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Partnership Working to Support Special Educational Needs & Disabilities

Partnership Working to Support Special Educational Needs & Disabilities

  • Rona Tutt - Consultant, writer, researcher and former President of NAHT

October 2010 | 144 pages | SAGE Publications Ltd
In order to achieve the best outcomes for all children and young people, schools must work in partnership with students, parents, other professionals and the wider community. In this changing landscape of education, the notion of the traditional school is fast disappearing. This book looks at what is possible in this exciting new world, and how some teachers and other professionals are putting into practice the best principles of multi-agency working.

Finding innovative ways of supporting children and young people with special educational needs and disabilities (SEND) in this context is more important than ever, as children are being diagnosed with increasingly complex needs. Those working with children need to be aware of the fresh opportunities that are opening up and which can help every individual to maximise their full potential.

This book examines how partnership working affects children with SEND by considering:

- the diversity of additional needs;

- the role of specialist schools that have an SEN specialism;

- partnership working between mainstream and special schools;

- partnership working with groups of schools, including those that are co-located or federated;

- the growth of academies and trust schools;

- schools and other services working together;

- the work of extended schools and children's centres;

- a wide range of other services for children, young people and families.

Filled with case studies of effective practice from real schools and services, this book is a must-have for those looking at how to work together to achieve positive outcomes for all.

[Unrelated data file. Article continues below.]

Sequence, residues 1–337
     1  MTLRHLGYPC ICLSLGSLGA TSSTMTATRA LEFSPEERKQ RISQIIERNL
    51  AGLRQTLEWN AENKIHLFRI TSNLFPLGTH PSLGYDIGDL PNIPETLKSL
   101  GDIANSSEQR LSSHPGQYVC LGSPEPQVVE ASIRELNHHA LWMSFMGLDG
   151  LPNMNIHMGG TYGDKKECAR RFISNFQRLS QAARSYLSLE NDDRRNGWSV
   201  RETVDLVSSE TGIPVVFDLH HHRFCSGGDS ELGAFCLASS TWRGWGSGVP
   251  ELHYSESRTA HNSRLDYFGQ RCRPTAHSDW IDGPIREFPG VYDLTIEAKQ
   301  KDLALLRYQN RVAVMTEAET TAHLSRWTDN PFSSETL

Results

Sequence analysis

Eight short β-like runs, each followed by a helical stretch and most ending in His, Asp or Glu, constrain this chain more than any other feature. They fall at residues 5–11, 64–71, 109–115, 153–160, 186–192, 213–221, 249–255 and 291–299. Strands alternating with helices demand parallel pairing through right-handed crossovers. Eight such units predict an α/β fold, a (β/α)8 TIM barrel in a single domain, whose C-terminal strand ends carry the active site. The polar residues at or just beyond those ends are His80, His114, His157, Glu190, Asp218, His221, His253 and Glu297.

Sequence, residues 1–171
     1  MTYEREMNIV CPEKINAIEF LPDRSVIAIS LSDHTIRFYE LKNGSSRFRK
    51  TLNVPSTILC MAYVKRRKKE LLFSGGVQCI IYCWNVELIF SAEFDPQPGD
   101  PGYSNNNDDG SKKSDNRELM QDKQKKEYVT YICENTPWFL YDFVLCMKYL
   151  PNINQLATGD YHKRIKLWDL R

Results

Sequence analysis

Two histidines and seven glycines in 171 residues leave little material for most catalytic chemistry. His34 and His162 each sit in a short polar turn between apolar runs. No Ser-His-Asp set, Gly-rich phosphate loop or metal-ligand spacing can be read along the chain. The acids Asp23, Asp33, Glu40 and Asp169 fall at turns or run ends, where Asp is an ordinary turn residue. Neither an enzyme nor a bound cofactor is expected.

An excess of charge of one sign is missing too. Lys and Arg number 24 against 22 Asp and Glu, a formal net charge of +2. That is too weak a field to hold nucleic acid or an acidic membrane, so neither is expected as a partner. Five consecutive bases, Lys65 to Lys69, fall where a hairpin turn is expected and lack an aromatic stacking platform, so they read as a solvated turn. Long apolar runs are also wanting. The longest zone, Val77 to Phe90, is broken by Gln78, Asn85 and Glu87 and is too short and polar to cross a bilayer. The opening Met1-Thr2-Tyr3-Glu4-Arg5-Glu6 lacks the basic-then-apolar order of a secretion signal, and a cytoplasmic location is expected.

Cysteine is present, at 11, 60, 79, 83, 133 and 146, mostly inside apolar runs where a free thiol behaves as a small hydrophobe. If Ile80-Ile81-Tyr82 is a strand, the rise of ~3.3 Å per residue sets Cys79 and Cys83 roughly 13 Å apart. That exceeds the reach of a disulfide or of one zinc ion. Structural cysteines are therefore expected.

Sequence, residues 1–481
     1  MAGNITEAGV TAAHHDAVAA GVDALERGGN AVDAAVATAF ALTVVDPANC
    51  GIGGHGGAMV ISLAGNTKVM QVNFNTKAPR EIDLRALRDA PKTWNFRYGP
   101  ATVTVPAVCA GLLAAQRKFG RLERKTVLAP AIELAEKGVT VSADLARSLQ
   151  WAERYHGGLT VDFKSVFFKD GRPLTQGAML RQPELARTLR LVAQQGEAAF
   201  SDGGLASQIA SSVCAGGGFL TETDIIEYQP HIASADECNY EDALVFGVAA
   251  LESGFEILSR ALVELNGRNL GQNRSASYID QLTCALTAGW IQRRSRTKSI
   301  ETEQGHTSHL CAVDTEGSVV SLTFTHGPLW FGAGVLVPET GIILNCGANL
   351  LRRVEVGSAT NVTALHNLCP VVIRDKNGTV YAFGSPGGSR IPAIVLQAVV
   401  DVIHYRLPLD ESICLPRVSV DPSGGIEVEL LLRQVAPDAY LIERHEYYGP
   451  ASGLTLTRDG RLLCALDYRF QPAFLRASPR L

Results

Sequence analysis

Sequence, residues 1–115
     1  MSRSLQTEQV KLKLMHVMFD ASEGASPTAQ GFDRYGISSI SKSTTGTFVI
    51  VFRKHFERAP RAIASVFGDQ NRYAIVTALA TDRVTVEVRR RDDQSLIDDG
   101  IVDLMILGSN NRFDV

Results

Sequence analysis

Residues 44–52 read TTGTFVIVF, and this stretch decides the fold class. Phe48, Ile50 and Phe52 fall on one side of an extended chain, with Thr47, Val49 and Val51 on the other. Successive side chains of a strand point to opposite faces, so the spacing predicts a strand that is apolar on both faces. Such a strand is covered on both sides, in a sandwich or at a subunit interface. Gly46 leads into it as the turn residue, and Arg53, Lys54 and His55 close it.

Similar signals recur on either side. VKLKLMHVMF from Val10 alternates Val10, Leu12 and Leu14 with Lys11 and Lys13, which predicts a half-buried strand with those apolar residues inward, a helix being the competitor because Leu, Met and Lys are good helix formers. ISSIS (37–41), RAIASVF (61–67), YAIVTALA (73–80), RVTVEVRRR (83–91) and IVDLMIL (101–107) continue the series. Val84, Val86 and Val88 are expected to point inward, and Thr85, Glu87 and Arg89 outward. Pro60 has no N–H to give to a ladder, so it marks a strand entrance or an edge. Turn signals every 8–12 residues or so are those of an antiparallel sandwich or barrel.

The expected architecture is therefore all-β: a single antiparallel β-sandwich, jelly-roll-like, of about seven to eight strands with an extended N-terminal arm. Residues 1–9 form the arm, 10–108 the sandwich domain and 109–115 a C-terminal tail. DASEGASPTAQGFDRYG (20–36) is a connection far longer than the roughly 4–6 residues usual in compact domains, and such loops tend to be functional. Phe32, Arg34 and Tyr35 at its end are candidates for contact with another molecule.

Rona Tutt OBE is a Past President of the National Association of Head Teachers (NAHT) and works as a consultant, writer and researcher on all matters relating to education in general, and special educational needs and disabilities in particular.

Working in Partnership with Pupils and Parents
The Creation of Schools with a SEN Specialism
Partnership Working Between Groups of Schools
Schools Working in Partnership with Other Organisations
Schools Working in Partnership with Other Services
Successful Strategies for Partnership Working

'It is a must-have for all those who wish to know more about how the education sector has and continues to change to meet the increasingly complex needs and challenges to help all children get the best education that’s relevant and right for them'
- Educate, Robert Keatley

'This should be compulsory reading for all who aspire to school leadership - it is written in clear, no nonsense English and is 100% accessible. Rona gives a clear overview, with case studies, of ways in which Education can be improved and made more accessible to children and young people with SEND. As an exercise in debunking fears and advocating progressive, development partnership working, the book is a pleasure to read. By bringing the work bang up to date, and even handedly dealing with all forms and types of school, Rona makes her book valuable to anyone in education' -
Andy Lister; Director, SENtral Consultants Ltd.

'This concise and practical book encourages professionals to reflect on how partnership working can enrich the lives of children and young people who have special educational needs and disabilities' -
Toby Salt, Deputy Chief Executive of the National College for Leadership of Schools and Children's Services and author of the Salt Review (into the supply of teachers for children with profound and multiple learning difficulties)